Mad Fiber – a new approach

Mad Fiber has been making waves in the wheel market of late. They showed up a the Amgen Tour of California to show off their new offering and a buzz has been following them ever since. I got a chance to spend the better part of an hour with Ric Hjertberg (the technologist) and Russ Riggins (the business guy) talking about what they have cooking in the vacated bakery space in Seattle’s Fremont neighborhood.

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At the center of this new product is a new approach. Traditionally, wheels have experienced a slow evolution as companies have targeted parts of the wheel to replace with better/faster/lighter materials. From Wood, to Steel, to Aluminum, to Carbon (and many others tucked in there), wheels have made incremental improvements as updates were made to the spoke, the rim, or the hub. Ric’s idea was that this piecemeal view is flawed. Instead he approached the wheel as an engineer and came up with: “What are loads and properties we are trying to solve for.” He and his team looked at the physics involved from point of view of an scientist and not a cyclist and arrived at the Mad Fiber wheel (the lead engineer is an aerospace guy – not a cycling guy). It’s not a carbon rim with carbon spokes and a carbon hub (which is already out there). Instead it’s a bonded, unified object that supports the tire, and from there distributes the load not just through traditional spokes, but across the wheel edge and the entire “system”. Of course they were constrained by some regulations specified by the UCI (e.g. 1cm spoke width max). What resulted was a complete wheel that is stronger than any other on the market against a static load, while weighing in at a hair over 1000g.

So what’s the catch? The wheels go on sale today on their website and they are ready to start filling orders in a few weeks, but you can’t line up at the start of a UCI event just yet. The UCI requires a minimum number of spokes, and the tests to failure have to display certain characteristics. The somewhat mysterious wheel approval test still has to be passed, but given the fact that the wheel has outlasted the static load test device (700lbs load) they are hopeful. Then there’s the question they get the most, “What happens if I break a spoke or the wheels goes out of true?”. Their response is that if you break the wheel…then you probably drove over it with a car and it’s time to talk about a crash replacement program. There are no nipples or threads to tighten, so if something is damaged to the point where the wheel balance is impacted…the wheel is done.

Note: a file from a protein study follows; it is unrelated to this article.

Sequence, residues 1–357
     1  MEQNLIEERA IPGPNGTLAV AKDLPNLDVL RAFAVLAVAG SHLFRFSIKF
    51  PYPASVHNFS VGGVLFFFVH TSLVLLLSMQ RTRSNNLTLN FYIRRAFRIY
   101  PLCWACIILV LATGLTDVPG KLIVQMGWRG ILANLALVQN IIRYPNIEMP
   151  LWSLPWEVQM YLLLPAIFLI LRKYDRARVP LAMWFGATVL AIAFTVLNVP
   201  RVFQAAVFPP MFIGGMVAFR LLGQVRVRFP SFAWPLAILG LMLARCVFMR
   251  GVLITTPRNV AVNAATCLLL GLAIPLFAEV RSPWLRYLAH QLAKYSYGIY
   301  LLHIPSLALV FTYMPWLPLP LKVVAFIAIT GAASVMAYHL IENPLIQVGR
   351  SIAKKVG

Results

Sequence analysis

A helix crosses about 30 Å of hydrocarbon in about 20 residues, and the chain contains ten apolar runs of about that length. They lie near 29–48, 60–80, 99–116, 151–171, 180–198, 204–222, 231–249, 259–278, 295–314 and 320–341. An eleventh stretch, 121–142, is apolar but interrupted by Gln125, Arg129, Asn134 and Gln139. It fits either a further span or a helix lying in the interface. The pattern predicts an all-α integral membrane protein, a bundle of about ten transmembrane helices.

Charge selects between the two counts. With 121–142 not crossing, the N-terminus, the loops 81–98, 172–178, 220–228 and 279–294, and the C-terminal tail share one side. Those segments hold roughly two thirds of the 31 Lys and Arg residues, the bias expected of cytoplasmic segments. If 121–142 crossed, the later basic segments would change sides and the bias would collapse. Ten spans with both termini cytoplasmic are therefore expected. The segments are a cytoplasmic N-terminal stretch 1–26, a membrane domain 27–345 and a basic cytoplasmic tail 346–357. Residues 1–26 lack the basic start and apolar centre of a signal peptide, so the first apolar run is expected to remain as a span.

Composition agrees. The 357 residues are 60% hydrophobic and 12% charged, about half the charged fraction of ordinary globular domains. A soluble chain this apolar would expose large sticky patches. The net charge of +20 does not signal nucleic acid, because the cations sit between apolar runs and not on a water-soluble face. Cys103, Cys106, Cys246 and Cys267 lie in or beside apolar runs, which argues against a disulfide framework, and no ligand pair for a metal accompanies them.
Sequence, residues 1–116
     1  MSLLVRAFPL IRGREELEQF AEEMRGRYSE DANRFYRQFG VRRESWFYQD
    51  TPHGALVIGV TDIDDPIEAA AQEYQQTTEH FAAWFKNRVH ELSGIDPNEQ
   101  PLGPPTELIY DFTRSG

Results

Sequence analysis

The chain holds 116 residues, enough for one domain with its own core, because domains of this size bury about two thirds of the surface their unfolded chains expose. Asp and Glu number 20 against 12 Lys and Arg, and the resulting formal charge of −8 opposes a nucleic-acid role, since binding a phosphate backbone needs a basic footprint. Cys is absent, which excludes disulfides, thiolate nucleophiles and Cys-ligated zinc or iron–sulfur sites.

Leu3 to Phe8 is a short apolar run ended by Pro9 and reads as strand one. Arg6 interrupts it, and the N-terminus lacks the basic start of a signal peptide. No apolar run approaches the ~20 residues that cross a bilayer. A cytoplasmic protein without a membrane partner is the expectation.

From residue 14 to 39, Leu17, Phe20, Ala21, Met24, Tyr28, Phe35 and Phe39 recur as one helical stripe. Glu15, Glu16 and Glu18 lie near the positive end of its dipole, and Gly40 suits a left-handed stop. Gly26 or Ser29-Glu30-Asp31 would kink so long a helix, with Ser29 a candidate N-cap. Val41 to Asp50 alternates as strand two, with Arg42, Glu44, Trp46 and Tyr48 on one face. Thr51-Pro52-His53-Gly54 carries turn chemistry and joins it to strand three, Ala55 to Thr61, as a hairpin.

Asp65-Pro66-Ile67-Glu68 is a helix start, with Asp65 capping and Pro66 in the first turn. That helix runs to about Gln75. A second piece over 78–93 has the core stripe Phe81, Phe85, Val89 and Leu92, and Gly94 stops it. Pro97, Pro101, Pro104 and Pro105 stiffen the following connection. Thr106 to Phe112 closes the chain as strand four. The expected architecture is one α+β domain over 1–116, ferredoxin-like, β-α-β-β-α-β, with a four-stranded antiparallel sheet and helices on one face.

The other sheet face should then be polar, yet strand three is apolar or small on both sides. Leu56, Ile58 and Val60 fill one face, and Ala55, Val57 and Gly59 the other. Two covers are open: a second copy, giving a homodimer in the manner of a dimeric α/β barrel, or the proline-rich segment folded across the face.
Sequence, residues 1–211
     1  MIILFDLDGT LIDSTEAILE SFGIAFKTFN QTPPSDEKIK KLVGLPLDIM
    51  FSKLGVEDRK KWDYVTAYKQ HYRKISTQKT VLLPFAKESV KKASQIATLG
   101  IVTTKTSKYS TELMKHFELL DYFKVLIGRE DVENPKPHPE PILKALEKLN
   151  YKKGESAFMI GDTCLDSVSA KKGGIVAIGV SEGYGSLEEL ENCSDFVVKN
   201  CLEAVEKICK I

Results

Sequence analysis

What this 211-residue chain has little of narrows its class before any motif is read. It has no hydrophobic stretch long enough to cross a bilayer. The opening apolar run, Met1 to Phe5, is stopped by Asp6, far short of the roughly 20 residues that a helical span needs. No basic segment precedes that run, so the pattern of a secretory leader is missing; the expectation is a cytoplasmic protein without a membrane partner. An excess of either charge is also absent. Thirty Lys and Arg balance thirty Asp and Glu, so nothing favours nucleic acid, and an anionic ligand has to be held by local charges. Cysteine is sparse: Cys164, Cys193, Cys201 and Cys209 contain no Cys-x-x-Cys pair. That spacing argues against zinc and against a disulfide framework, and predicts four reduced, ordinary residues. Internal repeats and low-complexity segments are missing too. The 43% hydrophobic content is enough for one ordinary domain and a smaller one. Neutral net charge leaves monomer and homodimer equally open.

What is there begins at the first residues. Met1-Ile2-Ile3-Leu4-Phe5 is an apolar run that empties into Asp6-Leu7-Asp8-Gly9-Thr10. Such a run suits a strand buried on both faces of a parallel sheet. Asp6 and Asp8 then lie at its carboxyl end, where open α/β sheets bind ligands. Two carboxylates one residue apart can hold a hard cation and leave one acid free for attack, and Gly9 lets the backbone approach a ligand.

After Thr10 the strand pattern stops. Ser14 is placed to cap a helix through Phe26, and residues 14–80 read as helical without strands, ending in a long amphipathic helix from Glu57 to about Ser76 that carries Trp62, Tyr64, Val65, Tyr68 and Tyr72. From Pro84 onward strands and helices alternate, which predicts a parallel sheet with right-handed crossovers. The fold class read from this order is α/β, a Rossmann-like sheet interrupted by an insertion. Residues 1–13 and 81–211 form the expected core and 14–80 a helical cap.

What struck me as being really cool about the Mad Fiber idea is that this is truly a Seattle company. “Mad” actually is a reference to the Madison Park area. Every aspect of the build is handled right here in Seattle:

  • tooling created
  • wheels cut and assembled
  • graphics designed and cut
  • anodizing

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Even the wheel bags that come with every set are made over in Byron’s neighborhood – West Seattle. The only exception is the hub assembly which comes from NorCal and White Industries.

Since I’m a bike commuter in addition to a racer, I asked about some future options: Disc brakes for cross? Clincher tires? Mountain bike Wheels? Rim width options? Of course they have thought about all of these things, but they are focused on the task at hand – get to market with their initial wheel offering. Their tooling is architected in such a way that shifting gears to support these new configurations will not require a complete rebuild.

Lastly – where can you try them out? Mad Fiber is distributing directly through their website, but they are building a network of Local Bike Shops to keep a demo pair on hand to test out. Their thought is that the ride of the wheel will speak for itself and drive plenty of interest. Based on what I’ve seen I’m pretty sure they are right.

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